Oil futures ended at their highest level in a week Friday after the U.S. government reported a solid gain in jobs last month, suggesting improvement in the economy of the world's biggest oil consumer.
Light, sweet crude oil for April delivery settled 82 cents, or 0.8%, higher at $107.40 a barrel, the contract's highest finish since March 1.
Brent crude oil on ICE Futures Europe settled 54 cents, or 0.4%, higher at $125.98 a barrel.
The U.S. Labor Department's monthly nonfarm payrolls report said U.S. employers added 227,000 jobs in February, beating expectations for an increase of 213,000 jobs. The unemployment rate was unchanged at 8.3%.
Oil traders have long been taking cues from the monthly jobs report, the most-closely followed indicator of U.S. employment, because it offers insight into the economic health of the world's biggest crude-oil consumer. An improving economy is generally correlated with increased demand for oil and fuel products like gasoline.
The data also lent support to equities markets, with the Standard & Poor's 500 index recently gaining 0.3% to 1370. Oil prices have been closely tracking equities recently, which are seen as a barometer of the broader economy.
"Oil prices can be supported up here as long as the economy is still growing," said Carl Larry, president of Oil Outlooks and Opinions in New York. "If we're going to see strength in the economy and the equity markets, we're going to see strength in oil."
Oil futures spent the day swinging in a wide range before ending the day just modestly higher. The Nymex contract, the primary U.S. oil benchmark, spent much of the morning in negative territory, before shooting to as high as $108.20 a barrel in intraday trading.
Several traders were at a loss to explain the sudden rally, which coincided with a spike in the precious metals market. However, crude futures have been volatile in recent weeks amid worries over escalating tensions with Iran.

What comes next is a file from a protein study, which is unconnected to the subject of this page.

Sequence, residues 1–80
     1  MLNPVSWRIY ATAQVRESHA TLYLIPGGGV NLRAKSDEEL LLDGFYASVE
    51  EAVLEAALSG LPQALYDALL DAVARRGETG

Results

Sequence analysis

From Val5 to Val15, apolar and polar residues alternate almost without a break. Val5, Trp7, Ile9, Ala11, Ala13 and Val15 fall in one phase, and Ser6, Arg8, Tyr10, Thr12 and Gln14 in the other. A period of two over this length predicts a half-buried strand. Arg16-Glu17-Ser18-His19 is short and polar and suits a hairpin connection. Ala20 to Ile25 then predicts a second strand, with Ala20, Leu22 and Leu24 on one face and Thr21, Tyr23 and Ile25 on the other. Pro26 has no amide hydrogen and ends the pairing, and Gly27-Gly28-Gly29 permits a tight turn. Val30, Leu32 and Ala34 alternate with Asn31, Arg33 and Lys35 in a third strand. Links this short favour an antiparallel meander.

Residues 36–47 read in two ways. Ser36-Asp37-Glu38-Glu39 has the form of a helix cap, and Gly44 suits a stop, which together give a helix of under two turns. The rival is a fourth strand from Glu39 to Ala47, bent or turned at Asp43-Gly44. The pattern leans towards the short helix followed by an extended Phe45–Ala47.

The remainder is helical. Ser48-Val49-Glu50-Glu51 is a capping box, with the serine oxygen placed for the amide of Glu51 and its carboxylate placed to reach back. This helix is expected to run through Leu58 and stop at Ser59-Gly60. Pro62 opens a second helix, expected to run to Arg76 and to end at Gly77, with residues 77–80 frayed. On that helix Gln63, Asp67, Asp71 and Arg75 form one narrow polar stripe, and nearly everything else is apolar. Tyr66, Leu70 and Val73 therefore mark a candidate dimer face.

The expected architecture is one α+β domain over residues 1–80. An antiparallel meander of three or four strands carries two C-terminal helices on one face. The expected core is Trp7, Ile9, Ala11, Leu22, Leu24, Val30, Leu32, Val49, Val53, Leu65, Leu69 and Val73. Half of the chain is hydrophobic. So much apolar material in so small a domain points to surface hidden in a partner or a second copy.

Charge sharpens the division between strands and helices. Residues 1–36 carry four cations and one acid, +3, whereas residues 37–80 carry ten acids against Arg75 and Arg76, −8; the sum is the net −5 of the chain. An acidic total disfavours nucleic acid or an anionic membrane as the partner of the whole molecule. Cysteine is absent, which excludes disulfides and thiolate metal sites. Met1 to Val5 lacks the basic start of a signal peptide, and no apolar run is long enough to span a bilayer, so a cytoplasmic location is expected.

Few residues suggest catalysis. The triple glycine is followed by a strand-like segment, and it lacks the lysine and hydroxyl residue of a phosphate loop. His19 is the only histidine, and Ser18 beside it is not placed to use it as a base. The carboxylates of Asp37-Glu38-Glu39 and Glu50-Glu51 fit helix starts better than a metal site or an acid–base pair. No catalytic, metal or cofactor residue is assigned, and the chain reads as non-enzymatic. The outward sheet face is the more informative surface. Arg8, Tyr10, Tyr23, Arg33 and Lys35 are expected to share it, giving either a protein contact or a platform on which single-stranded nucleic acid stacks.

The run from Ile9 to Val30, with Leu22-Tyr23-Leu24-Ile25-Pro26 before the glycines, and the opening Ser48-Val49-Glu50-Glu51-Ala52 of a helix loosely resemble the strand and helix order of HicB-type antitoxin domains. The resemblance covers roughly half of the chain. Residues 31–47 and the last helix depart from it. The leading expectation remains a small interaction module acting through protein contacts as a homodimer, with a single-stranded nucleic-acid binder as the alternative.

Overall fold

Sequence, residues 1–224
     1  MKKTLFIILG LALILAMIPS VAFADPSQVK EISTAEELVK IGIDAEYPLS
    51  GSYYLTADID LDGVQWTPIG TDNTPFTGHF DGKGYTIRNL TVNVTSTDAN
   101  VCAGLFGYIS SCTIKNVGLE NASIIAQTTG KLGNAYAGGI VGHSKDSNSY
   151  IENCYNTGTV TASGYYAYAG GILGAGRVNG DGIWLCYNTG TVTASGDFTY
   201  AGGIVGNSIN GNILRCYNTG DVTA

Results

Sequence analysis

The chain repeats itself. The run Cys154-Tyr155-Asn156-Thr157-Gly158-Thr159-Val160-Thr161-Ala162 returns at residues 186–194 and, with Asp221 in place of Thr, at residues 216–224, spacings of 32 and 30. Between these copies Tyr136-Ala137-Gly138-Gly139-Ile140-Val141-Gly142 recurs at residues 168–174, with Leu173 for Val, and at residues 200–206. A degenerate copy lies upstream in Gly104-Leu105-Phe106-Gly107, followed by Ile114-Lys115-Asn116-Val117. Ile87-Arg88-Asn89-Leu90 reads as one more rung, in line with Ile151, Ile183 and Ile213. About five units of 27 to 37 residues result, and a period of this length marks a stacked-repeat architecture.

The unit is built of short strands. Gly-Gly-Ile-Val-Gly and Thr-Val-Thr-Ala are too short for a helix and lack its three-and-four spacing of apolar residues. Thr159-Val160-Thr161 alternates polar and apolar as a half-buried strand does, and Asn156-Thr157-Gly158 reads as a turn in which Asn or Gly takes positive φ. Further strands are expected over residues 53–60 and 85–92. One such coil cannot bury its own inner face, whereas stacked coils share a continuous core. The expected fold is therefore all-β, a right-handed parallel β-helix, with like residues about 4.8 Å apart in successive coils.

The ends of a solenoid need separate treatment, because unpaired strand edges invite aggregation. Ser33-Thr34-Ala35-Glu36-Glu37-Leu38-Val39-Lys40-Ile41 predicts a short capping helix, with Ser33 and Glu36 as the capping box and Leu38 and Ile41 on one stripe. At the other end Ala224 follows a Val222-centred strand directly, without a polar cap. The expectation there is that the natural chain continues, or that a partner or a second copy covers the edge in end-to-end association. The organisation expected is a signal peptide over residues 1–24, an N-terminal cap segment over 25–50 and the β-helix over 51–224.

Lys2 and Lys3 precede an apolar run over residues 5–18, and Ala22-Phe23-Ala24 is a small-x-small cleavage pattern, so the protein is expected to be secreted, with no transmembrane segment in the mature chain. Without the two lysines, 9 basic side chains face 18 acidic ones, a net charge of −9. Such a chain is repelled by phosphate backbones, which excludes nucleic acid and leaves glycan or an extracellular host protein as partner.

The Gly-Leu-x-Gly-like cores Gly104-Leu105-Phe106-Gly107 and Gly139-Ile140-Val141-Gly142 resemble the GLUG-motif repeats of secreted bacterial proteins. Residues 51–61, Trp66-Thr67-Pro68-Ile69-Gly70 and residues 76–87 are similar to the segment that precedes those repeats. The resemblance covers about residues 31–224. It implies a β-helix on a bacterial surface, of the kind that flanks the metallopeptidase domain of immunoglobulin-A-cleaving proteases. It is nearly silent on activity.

Jeffrey Grossman, president of BRG Brokerage in New York, said a premium of between $5 and $10 a barrel has been built into oil prices due to rising concerns over Iran.
"It is so susceptible to the upside it boggles the mind," Grossman said, referring to oil prices.
Iran and Western nations have been locked in a stand-off in recent months over Tehran's nuclear program. The U.S. and its allies worry the program is aimed at developing a nuclear weapon, and have stepped up sanctions against the country in recent months, including a European oil-import ban. Iran says its nuclear program is for peaceful purposes.
The situation has left market participants anxious about a supply disruption in the Strait of Hormuz, a major oil shipping channel, or a military conflict. Either outcome could send the price of oil skyrocketing, according to analysts.
Front-month April reformulated gasoline blendstock, or RBOB, settled 1.84 cents, or 0.6%, higher at $3.3324 a gallon. April heating oil settled 0.57 cent, or 0.2%, lower at $3.2638 a gallon.
Copyright (c) 2012 Dow Jones & Company, Inc.
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